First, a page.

M. Hulot’s Holiday / Les vacances de Monsieur Hulot
d. Jacques Tati / 1953 / France / 114 min
Channelling all of the silent comedy tradition’s finest visual gags and pratfalls, this is Tati’s remarkably delightful masterpiece. It has aged somewhat, I suppose – its gentler pleasures now replaced with an often more nuanced style of visual comedy, but it remains charming nonetheless.
Interestingly, of the dialogue that does exist in this largely mute classic, much of it regards politics and there is a question – as exists with all similar narratives – regarding who exactly is the ‘crazy’ one in such situations? Is it Hulot, with his strange mannerisms and odd ways, or is it all the ‘ordinary’ vacationers, who are nevertheless much more neurotic and uptight.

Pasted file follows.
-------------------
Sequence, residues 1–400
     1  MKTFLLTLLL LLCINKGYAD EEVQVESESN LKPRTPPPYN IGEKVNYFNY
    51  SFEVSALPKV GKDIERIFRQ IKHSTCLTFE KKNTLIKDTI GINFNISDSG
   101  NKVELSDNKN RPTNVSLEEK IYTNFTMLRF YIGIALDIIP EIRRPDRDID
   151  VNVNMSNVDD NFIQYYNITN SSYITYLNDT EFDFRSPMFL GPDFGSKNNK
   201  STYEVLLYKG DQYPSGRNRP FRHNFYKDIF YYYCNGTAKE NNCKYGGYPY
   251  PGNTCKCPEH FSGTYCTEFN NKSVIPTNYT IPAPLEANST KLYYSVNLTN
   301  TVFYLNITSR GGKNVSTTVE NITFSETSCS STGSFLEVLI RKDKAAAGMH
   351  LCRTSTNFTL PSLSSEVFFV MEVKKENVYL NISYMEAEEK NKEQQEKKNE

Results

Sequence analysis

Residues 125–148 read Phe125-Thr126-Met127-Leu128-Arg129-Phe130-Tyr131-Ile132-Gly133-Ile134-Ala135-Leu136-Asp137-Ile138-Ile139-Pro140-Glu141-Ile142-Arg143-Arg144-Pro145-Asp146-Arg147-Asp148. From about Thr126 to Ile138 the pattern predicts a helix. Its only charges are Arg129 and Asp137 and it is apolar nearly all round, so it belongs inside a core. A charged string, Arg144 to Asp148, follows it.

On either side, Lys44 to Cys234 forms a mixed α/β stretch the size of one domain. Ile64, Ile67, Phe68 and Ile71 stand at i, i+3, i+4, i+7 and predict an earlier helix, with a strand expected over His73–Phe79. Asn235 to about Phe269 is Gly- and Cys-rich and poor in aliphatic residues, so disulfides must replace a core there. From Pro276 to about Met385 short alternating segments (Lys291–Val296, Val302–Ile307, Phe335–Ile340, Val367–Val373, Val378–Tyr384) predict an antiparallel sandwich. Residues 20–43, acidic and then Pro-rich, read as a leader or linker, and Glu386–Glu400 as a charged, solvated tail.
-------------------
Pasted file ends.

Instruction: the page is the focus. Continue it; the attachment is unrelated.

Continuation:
This is a restored version (apparently restored to Tati’s ‘final’ version from the 1970s after twenty-odd years of meddling), but it does beg the question – as did F. W. Murnau’s The Last Laugh – as to what constitutes the ‘authentic’ version of such a film, and does such a concept of ‘authenticity’ ever really exist in the commercial cinema, when the final product has often been diluted by everyone from producers and studio bosses, to censors, distributors and exhibitors.